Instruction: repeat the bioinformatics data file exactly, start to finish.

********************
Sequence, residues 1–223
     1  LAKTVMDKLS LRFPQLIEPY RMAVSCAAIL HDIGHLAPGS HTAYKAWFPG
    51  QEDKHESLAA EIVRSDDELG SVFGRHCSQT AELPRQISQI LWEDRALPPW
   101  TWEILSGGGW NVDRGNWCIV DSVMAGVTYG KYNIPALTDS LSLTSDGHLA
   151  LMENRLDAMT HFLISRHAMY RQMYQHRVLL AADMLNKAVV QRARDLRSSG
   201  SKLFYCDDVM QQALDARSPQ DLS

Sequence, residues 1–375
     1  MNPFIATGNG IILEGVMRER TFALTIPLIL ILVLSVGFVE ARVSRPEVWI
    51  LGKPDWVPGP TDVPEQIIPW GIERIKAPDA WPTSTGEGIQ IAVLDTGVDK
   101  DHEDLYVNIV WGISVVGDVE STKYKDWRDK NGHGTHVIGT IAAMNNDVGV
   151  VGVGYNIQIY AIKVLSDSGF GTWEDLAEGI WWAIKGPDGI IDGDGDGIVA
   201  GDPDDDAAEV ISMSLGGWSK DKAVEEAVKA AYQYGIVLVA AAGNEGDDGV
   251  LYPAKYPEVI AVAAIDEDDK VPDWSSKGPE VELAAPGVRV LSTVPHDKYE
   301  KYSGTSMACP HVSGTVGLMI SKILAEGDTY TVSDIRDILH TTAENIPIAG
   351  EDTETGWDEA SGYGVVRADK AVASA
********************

Sequence, residues 1–223
     1  LAKTVMDKLS LRFPQLIEPY RMAVSCAAIL HDIGHLAPGS HTAYKAWFPG
    51  QEDKHESLAA EIVRSDDELG SVFGRHCSQT AELPRQISQI LWEDRALPPW
   101  TWEILSGGGW NVDRGNWCIV DSVMAGVTYG KYNIPALTDS LSLTSDGHLA
   151  LMENRLDAMT HFLISRHAMY RQMYQHRVLL AADMLNKAVV QRARDLRSSG
   201  SKLFYCDDVM QQALDARSPQ DLS

Sequence, residues 1–375
     1  MNPFIATGNG IILEGVMRER TFALTIPLIL ILVLSVGFVE ARVSRPEVWI
    51  LGKPDWVPGP TDVPEQIIPW GIERIKAPDA WPTSTGEGIQ IAVLDTGVDK
   101  DHEDLYVNIV WGISVVGDVE STKYKDWRDK NGHGTHVIGT IAAMNNDVGV
   151  VGVGYNIQIY AIKVLSDSGF GTWEDLAEGI WWAIKGPDGI IDGDGDGIVA
   201  GDPDDDAAEV ISMSLGGWSK DKAVEEAVKA AYQYGIVLVA AAGNEGDDGV
   251  LYPAKYPEVI AVAAIDEDDK VPDWSSKGPE VELAAPGVRV LSTVPHDKYE
   301  KYSGTSMACP HVSGTVGLMI SKILAEGDTY TVSDIRDILH TTAENIPIAG
   351  EDTETGWDEA SGYGVVRADK AVASA